In the recent decision of Hertendy v. Gault, 2020 ONSC 7555, the Court considered a mother’s summary judgment motion to set aside the transfer of her property to her daughter for no consideration.
On October 28, 2011, Marian Hertendy appointed her daughter, Beverly Ann Gault, as her attorney for property and personal care. That same year, Marian signed a Will transferring her property at 837 Poonamalie Road in Smiths Falls (the “property”) to Beverly upon Marian’s death. Marian’s husband had also signed a Will in 2006 leaving the property to Beverly if Marian predeceased him.
Marian’s husband died on March 5, 2011 and the property was transferred to Marian. By late 2011, Marian had begun a relationship with another man. In March 2012, Marian had knee surgery which impaired her mobility. On April 12, 2012, Marian and Beverly attended a lawyer’s office (the same lawyer who prepared Marian’s 2011 Will) and while mother and daughter were seated in Beverly’s car (Marian could not get out of the car on account of her knee) Marian signed a Transfer which transferred her ownership interest in the property to Beverly, for no consideration. After the transfer, Beverly paid some of the property taxes and insurance on the property.
In 2017, there appears to have been a falling out between Marian and Beverly, and Marian removed Beverly from her Will. Marian then brought a claim against Marian, seeking a declaration that Beverly held her ownership interest in the property on a resulting trust for Marian. Marian claimed that she did not know the legal effect of the transfer and that the lawyer who registered the transfer was not acting for Marian but represented Beverly, and that Marian did not receive independent legal advice. Marian argued that the transfer occurred while Beverly was her attorney for property, and at a time when Marian was under Beverly’s control. Marian alleged the transfer occurred while she was depressed following her husband’s death and taking heavy pain medication due to her knee surgery.
Both sides agreed that this case was appropriate to be decided by summary judgment, as did the Court. The Court applied the rule from the Supreme Court of Canada’s decision in Pecore v. Pecore, 2007 SCC 17, that the presumption of resulting trust applies to transfers of property to adult children for no consideration and the onus was on the transferee, in this case, Beverly, to demonstrate that a gift was intended.
Much of the Court’s reasons focused on Marian’s credibility. The Court rejected Marian’s evidence that she did she not intend to transfer the property to Beverly and only thought she was signing legal documents to enable Beverly to pay property taxes; this claim was countered by other evidence given by Marian that she knew she was transferring ownership of the property, and in particular, evidence of Marian’s discussions with her other daughter in which Marian advised that she had “changed her mind” about the transfer. The Court also disbelieved Marian’s evidence that she did not recall the contents of prior Wills which left the property to Beverly. Instead, the Court found that Marian was worried after her husband’s death about being able to afford the bills related to the property, including taxes.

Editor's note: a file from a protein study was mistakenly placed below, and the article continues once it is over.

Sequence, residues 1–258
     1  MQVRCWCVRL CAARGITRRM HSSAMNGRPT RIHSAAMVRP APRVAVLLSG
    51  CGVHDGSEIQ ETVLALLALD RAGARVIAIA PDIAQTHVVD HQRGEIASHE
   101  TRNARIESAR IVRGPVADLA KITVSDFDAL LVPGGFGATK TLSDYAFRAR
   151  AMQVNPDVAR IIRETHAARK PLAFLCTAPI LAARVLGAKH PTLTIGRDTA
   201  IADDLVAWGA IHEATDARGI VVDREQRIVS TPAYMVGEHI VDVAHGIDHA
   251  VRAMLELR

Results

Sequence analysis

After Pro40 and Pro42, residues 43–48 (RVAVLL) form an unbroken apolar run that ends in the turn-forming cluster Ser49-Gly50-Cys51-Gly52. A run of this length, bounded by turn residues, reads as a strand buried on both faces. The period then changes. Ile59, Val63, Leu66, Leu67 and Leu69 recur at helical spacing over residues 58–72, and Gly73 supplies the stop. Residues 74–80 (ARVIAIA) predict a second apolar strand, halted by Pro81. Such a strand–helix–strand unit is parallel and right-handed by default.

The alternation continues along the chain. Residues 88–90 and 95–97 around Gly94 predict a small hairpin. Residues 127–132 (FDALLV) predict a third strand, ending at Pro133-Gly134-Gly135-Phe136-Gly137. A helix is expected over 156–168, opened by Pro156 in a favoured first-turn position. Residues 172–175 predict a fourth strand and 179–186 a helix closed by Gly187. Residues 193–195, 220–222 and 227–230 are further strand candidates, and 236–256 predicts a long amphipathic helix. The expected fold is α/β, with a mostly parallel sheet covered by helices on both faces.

On the subject of whether Marian would have intended to transfer the property to Beverly based on a vague promise of assistance to pay the bills, which payments would have amounted to far less than fair market value for the property, the Court found that this was in fact Marian’s intension when she transferred the property to Beverly.
Although Beverly had a power of attorney, Marian signed the transfer documents personally. There was insufficient evidence that Beverly unduly influenced Marian or that Marian suffered depression or other medical issues that would have rendered her mentally incapable of transferring the property. Although Marian may have been sad after her husband’s death, she began a relationship with another man later that year and went on a cruise. While Marian suffered physical limitations as a result of her knee surgery, these issues did not impair her ability to understand the document she signed to give effect to the transfer. Nor was Marian vulnerable at the time of the transfer.
The Court found that Marian intended to transfer the property to Beverly as a gift with the condition that Marian would retain a life interest in the property, provided that Beverly would help pay the ongoing household expenses and property taxes in particular. The Court rejected Marian’s evidence that she did not understand that she was transferring the property to Beverly, or that she did not discover the transfer until 2015 when she went to see another lawyer about a reverse mortgage. As such, the Court declined to declare that Beverly’s registered ownership interest was subject to a resulting trust in favour of Marian. Marian’s summary judgment motion was therefore dismissed.
This case shows that capable adults acting on their own accord will be held to the decisions they make regarding transfers of property, even if they regret their choices down the road. Physical ailments and sadness do not in and of themselves amount to impaired cognition or vulnerability to undue influence. A change of heart does not create a resulting trust.